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International Competition Policy
Maintaining Open Markets in the Global Economy
The opening up of world markets, rapid growth of trade and foreign direct investment create manifold problems for competition policy. Thus, international mergers may have adverse effects on many countries, international cartels may carve up world markets and dominant firms may seek to maintain their global position by exclusionary conduct. These problems have been recognised for more than half a century and some attempts have been made internationally to address them, so far with limited success. This progressive book seeks to explore the problems and concerns that globalisation has created for competition policy. The book begins by setting out the principles of competition and trade policies, and then goes on to address the impact of market globalisation on what are usually thought of as traditional antitrust concerns. These include the analysis of the difficulties arising from collusion and other restrictive practices, government sponsored 'voluntary co-operation', vertical restrictions and market access, pricing strategies of dominant firms and international mergers, all illustrated with a number of prominent case studies.
The author concludes with an illuminating discussion on the feasibility of international co-operation on competition policy, the faltering progress that has been made so far and the prospects for future advances. This comprehensive volume will prove to be an invaluable resource to students and scholars of law and economics. It will also find wide appeal amongst researchers, policy makers and practitioners with an interest in industrial organisation, antitrust policy and globalisation.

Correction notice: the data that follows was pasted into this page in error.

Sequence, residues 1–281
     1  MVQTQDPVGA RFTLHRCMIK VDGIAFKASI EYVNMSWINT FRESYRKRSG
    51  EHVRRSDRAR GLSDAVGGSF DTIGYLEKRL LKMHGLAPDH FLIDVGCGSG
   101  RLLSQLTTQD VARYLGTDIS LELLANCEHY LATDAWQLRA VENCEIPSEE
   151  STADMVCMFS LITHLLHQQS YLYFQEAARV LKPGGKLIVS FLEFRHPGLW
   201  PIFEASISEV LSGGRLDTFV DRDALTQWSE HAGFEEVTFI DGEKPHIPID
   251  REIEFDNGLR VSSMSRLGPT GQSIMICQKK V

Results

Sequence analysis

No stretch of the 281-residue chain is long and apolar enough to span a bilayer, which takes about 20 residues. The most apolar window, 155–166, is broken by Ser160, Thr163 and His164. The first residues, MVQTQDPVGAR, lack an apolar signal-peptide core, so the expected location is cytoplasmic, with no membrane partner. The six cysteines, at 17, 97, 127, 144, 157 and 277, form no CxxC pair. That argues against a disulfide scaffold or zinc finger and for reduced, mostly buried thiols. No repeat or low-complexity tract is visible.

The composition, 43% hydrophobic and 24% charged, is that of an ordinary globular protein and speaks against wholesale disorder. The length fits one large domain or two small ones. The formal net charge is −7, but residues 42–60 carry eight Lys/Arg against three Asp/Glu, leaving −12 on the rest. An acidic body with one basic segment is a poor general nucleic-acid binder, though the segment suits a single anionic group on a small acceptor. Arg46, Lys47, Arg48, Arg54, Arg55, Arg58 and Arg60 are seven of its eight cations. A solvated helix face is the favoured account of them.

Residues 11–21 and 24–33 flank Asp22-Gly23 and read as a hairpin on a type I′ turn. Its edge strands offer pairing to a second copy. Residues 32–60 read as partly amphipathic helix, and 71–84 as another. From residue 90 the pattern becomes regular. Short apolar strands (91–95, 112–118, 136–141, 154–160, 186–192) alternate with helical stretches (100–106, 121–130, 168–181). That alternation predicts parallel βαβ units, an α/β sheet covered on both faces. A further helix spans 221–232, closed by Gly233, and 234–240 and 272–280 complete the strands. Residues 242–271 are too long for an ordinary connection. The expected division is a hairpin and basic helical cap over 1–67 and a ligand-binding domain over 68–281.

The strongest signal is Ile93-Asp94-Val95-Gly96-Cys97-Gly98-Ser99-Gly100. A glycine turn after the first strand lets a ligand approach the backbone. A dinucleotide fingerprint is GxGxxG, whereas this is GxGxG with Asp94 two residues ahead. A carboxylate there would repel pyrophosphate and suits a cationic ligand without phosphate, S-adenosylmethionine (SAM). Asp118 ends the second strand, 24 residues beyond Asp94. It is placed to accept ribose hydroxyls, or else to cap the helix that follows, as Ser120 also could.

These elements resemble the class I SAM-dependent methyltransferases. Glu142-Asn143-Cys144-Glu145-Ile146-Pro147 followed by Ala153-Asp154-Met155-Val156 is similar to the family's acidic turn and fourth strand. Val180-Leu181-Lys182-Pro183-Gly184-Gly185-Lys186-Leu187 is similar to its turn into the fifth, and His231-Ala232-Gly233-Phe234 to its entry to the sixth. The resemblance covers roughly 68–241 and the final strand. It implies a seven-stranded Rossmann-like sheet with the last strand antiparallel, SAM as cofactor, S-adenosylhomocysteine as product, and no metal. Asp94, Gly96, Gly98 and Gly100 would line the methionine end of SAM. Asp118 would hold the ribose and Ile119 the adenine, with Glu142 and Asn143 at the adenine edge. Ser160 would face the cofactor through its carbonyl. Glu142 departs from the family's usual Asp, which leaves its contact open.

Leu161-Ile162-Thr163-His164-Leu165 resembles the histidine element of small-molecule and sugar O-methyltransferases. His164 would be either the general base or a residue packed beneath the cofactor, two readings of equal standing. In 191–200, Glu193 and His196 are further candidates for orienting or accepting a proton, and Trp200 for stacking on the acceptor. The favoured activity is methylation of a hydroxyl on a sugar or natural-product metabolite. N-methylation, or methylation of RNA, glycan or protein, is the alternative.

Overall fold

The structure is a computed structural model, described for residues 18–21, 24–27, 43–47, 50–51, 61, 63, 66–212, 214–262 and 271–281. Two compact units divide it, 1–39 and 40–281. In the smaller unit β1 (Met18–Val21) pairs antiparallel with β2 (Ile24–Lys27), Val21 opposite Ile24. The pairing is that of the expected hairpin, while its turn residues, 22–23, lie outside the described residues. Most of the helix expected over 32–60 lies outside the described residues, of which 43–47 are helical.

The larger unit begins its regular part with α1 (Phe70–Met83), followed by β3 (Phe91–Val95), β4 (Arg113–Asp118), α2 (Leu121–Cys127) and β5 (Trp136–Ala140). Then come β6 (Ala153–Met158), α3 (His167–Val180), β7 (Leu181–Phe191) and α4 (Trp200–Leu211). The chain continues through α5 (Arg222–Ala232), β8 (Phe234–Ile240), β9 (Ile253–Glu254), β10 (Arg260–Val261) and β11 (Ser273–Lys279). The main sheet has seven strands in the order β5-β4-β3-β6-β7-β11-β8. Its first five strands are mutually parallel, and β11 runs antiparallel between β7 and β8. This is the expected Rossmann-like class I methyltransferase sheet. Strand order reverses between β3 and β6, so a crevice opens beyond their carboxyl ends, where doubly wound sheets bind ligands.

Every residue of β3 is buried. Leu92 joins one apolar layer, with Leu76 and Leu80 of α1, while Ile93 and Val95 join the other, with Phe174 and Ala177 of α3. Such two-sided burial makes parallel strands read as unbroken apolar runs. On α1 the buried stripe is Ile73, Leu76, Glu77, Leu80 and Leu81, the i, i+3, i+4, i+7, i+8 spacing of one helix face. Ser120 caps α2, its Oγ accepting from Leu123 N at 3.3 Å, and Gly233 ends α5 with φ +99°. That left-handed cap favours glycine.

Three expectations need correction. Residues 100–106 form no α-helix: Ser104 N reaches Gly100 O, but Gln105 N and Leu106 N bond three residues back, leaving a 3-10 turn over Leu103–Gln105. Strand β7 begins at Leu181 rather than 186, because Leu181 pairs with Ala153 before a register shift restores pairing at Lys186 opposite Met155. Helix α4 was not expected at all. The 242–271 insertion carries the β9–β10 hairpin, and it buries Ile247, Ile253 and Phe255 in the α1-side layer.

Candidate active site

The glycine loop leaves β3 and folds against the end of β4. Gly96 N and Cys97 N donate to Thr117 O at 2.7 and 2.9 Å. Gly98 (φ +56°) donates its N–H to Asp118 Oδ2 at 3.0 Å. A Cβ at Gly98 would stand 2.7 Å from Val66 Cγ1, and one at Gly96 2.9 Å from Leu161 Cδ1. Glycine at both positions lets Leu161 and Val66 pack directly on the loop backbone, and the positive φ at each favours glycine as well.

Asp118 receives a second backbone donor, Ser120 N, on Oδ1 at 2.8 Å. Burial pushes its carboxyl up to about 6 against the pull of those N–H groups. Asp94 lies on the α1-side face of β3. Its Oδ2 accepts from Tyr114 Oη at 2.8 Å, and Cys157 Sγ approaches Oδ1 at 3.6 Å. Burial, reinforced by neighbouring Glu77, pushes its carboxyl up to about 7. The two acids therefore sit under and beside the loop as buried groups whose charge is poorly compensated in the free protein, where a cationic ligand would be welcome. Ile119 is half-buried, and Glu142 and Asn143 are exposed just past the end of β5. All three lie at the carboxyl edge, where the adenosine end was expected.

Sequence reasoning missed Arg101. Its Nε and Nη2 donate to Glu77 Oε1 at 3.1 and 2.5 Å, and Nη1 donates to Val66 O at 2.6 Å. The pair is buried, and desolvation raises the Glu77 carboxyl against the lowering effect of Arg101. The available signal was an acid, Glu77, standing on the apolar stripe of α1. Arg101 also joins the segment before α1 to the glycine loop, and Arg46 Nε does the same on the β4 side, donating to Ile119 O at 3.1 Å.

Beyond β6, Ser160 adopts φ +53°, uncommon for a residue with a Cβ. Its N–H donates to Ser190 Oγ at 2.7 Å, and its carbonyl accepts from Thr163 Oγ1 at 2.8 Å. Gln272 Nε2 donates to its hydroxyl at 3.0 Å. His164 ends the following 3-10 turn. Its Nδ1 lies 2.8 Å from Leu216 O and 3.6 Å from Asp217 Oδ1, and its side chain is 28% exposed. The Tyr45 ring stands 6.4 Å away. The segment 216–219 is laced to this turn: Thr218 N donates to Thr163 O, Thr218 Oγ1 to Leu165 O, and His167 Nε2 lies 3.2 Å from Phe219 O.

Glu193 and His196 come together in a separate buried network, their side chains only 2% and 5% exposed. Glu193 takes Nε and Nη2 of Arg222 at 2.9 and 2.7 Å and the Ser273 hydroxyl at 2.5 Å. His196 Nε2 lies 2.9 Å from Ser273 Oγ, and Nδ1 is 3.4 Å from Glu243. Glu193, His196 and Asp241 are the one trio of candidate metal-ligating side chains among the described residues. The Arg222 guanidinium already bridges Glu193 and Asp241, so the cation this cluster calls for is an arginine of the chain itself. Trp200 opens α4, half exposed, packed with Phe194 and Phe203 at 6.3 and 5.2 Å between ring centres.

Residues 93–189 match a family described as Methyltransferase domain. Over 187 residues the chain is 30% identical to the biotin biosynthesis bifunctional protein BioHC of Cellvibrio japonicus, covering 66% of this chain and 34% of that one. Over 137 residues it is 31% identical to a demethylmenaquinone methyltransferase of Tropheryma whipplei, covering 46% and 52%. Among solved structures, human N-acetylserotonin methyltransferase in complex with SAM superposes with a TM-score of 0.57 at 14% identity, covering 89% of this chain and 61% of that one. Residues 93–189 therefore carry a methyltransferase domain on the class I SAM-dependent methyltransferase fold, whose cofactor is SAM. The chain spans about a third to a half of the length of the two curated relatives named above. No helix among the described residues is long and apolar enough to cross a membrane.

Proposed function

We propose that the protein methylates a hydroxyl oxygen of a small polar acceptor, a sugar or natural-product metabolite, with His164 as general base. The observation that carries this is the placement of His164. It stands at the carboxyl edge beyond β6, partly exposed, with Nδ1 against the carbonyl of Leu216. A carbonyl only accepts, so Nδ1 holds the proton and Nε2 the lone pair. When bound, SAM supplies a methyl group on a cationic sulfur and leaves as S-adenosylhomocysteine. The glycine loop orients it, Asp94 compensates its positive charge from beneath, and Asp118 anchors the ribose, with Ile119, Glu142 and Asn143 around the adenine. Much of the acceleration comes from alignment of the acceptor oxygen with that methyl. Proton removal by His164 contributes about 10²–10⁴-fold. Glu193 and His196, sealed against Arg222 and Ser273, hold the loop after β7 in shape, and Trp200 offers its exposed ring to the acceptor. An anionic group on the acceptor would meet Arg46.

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What Reviewers Are Saying
'This book is a welcome and timely addition to the library of materials exploring the implications of the move from internationalisation of trade towards globalisation.' -- Michael Hutchings, European Competition Law Review 'This book provides an excellent introduction to the difficult and important issues surrounding international trade and competition policy.' -- Douglas A. Irwin, Dartmouth College, US